Petra Haskins, Deputy Commonwealth’s Attorney for Danville and a member of the team of Danville and Pittsylvania prosecutors that is seeking the death penalty in the Terry case, noted that “many people who are initially incompetent are restored to competency even before you have a competency hearing.” She added, “It all depends on what it is and whether it can be fixed.

“Someone can be in a diabetic coma and be unable to understand the proceedings against them,” she said.

Haskins said the commonwealth is hoping to move forward with additional motions at an Aug. 19 hearing in Halifax, but Stephanie Miller, a lawyer with the Virginia Capital Defenders Office who is representing Terry, said it is “not certain” that the date is amenable to the defense.

“There’s been some discussion [of an Aug. 19 hearing] but nothing formally,” she said.

Dieter, with the Death Penalty Information Center, noted that mental competency is an issue that looms large in death penalty cases because “there are a number of stages where mental capacity [of defendants] is critical.” One is during the crime itself — killers can be found not guilty for reasons of insanity — but the mental state of the accused also weighs on trials and potentially the execution itself. At each step, defendants must be deemed competent, either at trial or to stand in punishment for their crimes, although there tends to be “a higher standard for facing trial” because of the complexity involved with court proceedings, he said.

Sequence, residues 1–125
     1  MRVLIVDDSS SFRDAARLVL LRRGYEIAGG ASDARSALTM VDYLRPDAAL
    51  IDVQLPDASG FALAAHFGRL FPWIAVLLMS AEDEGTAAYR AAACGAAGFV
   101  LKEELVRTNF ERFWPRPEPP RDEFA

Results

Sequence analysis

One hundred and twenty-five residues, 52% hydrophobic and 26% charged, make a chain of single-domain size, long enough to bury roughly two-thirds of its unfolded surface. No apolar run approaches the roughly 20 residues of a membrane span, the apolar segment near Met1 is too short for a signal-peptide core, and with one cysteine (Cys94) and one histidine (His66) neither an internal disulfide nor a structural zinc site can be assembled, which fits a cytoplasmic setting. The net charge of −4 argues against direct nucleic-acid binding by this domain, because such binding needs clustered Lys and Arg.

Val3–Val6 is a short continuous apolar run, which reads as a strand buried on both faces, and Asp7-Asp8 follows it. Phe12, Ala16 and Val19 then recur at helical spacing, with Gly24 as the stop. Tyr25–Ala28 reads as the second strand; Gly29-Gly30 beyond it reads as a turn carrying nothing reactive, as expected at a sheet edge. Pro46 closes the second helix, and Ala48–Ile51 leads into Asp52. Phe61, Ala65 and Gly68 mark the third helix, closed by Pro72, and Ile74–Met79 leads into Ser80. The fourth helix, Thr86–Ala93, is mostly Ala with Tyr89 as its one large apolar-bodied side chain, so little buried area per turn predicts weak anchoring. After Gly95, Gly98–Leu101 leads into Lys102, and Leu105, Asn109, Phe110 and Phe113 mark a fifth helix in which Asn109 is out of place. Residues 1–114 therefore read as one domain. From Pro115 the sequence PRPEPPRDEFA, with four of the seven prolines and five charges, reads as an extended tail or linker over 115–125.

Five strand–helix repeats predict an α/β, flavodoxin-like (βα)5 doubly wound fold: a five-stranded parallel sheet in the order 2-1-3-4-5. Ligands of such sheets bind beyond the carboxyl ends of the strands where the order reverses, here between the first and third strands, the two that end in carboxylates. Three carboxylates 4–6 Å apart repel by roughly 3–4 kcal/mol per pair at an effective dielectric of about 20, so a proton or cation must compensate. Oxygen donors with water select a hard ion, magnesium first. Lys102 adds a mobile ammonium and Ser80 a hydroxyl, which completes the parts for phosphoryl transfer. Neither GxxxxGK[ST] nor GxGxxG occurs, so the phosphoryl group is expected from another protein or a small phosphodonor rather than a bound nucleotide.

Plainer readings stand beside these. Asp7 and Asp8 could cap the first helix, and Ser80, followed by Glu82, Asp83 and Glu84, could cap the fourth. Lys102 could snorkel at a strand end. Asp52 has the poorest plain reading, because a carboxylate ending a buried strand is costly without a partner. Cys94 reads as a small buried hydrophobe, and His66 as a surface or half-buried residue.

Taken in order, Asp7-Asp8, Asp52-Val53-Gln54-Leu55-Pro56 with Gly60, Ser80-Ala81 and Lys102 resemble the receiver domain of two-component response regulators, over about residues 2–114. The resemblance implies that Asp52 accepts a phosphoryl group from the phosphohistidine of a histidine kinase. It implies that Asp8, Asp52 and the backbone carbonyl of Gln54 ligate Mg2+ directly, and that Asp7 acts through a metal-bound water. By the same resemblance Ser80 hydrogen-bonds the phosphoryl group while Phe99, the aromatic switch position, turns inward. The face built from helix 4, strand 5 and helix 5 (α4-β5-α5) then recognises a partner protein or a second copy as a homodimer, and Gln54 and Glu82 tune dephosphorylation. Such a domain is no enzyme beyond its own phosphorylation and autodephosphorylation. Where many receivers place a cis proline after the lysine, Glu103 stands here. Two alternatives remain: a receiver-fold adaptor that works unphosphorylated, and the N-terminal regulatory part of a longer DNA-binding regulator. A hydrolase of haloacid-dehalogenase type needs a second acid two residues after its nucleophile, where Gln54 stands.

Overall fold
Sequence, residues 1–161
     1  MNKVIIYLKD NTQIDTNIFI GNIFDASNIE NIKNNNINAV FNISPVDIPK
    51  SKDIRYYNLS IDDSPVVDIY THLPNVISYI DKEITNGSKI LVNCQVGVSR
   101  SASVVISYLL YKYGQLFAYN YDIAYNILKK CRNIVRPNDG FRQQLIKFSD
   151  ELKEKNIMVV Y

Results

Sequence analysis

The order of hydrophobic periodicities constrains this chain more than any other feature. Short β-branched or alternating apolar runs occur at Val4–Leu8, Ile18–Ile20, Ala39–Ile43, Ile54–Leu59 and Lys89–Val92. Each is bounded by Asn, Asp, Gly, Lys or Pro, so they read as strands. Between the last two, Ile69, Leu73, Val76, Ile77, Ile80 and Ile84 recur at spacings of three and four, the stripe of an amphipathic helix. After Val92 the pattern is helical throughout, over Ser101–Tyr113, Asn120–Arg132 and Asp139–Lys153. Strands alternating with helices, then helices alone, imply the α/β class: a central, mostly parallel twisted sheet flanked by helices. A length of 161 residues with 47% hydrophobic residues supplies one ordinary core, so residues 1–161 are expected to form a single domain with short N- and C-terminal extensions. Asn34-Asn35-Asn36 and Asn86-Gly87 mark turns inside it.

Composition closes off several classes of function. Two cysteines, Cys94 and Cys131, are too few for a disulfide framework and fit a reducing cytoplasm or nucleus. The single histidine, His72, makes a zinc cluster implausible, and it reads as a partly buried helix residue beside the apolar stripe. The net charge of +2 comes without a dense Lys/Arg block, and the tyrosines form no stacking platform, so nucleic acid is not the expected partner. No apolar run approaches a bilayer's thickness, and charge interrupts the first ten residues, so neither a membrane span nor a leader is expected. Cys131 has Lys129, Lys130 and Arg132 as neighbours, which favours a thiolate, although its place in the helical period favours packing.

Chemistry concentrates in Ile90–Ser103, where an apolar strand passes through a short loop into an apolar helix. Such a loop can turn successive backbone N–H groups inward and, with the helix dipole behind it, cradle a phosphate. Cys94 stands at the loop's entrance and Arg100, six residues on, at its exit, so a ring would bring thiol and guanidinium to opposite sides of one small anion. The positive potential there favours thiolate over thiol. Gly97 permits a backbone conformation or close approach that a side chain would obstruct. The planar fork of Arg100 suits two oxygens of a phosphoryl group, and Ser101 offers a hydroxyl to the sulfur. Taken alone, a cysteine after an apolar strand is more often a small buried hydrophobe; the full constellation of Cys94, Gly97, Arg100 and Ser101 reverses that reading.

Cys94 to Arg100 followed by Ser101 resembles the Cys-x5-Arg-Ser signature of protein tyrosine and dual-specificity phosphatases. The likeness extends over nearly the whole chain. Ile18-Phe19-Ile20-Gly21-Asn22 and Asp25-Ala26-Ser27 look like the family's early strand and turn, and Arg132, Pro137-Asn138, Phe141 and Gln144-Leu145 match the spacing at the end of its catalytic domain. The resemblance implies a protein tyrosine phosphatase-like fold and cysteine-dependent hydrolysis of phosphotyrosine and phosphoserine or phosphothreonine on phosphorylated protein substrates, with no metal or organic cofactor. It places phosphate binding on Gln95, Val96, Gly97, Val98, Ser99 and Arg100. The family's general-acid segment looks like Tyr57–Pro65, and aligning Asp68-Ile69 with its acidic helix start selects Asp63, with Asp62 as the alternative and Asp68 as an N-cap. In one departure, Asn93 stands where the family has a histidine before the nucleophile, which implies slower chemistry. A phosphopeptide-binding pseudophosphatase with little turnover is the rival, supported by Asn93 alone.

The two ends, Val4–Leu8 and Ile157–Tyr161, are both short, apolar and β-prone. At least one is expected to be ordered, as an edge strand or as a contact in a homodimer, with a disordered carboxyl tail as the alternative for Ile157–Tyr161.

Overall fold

Insanity, mental or physical illness, mental retardation— each can serve as the basis for incompetence, although only retardation is considered permanent and untreatable.

At the request of the courts, psychiatrists are tasked with evaluating whether a defendant falls short of the competence standard — “just because someone claims it doesn’t make it so,” said Dieter — and what steps, if any, can be taken to improve his state of mind to prepare for a trial. “Just a short time is all it takes,” he added.

The latest delay in the Terry murder case, which has been ongoing for more than a year, underscores the challenge with capital punishment trial — to see the process through to the end is an expensive, arduous undertaking.

“Getting the death penalty in a case like this and making it stick has a lot of hurdles in front of it,” said Dieter.

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Anyone who would rape and murder an 84 year old woman is obviously mentally deficient in the first place. Even an imbecile should understand right and wrong.

It's difficult for me to be objective about this as my mother was freinds with Mrs. Rice. I often think it could have as easily been my mother, living alone in a remote area of the county. Thank God Mama passed before she would have had to read this about her friend.

Oh, for the days when Tom Coates was Sheriff. The blind-drunk farmhand who murdered my uncle in his bed and raped my aunt in 1960 didn't hang around on death row for years, benefitting from lawyer-induced delays and living off the state. He went to the chair in less than 2 years- as it should be.